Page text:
Real estate law
Notaries Claudia Carl and Dr. Patrick Hollmann have many years of experience in the notarial counselling of real estate transactions in a wide variety of options. We will support you with something as simple as a “classic” purchase or the sale of a single-family home. We work with all real estate law, including condominiums and complex notarial project developments and portfolio purchase agreements.
Field of work
We will assist you in all notarial matters, including:
- Purchase contracts for undeveloped or developed land and freehold flats
- Portfolio purchase contracts
- Developer contracts
- Declarations of partition and community regulations
- Transfer of real estate property ownership
Frequently asked questions about real estate purchase contracts
1. What happens before and during the notarisation date (real estate purchase agreement)?
Before the notarisation date, we inspect the land register where you’ll be sent a draft contract. If any questions should arise, you can discuss them with our notary clerks or with the notary at any time before the notarisation or, ask these questions as part of the notarisation. Property purchase contracts are complicated legal contracts. Your contract is a set of rules individually adapted to your situation with all the necessary securities. The notary ensures that legal risks are avoided where possible. During notarisation, the entire text of the purchase agreement will be read and explained to you by the notary. The complete reading aloud of the document is a legal requirement. As a rule, the notary will correct any spelling mistakes by hand during this process and can also make changes to the content at the request of the parties involved during the recording date. It is therefore not necessary for any typographical errors or data to have been completely corrected in the draft before the certification date.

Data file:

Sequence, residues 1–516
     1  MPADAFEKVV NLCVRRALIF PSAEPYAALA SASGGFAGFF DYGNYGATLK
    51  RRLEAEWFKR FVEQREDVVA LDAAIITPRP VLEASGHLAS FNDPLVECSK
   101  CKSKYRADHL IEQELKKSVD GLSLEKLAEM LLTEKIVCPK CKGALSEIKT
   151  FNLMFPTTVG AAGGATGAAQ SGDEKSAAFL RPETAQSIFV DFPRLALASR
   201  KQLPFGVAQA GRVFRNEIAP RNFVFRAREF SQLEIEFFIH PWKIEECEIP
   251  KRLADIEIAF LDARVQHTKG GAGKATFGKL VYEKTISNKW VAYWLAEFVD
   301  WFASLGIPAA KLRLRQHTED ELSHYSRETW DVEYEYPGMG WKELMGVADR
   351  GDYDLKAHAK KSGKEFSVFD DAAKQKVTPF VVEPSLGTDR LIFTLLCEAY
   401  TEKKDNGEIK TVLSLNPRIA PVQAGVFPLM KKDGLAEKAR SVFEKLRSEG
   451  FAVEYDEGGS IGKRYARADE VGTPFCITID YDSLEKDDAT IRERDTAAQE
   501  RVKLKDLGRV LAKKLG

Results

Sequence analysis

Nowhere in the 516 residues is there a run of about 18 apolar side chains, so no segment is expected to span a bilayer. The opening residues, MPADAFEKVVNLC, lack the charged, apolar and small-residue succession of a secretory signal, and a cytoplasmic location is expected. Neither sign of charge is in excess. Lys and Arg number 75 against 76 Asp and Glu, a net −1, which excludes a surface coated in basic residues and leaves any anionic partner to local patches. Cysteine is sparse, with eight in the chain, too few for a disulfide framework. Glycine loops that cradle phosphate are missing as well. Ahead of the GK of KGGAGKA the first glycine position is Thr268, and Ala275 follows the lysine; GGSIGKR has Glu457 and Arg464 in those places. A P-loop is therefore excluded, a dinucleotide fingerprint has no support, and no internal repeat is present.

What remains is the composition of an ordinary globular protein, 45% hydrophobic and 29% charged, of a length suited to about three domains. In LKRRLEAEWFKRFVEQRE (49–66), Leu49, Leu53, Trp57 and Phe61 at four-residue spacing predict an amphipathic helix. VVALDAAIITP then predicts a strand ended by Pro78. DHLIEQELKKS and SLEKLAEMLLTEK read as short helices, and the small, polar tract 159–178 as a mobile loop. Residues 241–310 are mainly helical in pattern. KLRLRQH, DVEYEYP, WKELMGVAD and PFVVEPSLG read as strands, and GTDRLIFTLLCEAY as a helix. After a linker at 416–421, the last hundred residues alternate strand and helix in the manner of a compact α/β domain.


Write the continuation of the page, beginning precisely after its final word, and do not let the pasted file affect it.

2. What do I need to bring to the certification meeting?
Please bring a valid personal identification card or passport with you for certification. If you are a non-EU citizen or a citizen of a country that is part of the European Economic Area (in addition to EU countries such as Iceland, Lichtenstein or Norway), please present a valid passport before certification. According to the Anti-Money Laundering Act, we are required to identify the parties involved in the certification. Please provide us with your so-called tax identification number or (if you are a legal entity, trading company, freelancer or sole proprietorship) your “economic identification number” together with your place of business. We are obliged to forward this information to the Real Estate Acquisition Tax Office.